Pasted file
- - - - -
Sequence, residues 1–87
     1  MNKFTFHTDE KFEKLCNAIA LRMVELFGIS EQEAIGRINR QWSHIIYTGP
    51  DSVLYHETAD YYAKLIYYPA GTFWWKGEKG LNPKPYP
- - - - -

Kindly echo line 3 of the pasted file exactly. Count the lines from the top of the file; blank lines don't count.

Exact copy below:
    51  DSVLYHETAD YYAKLIYYPA GTFWWKGEKG LNPKPYP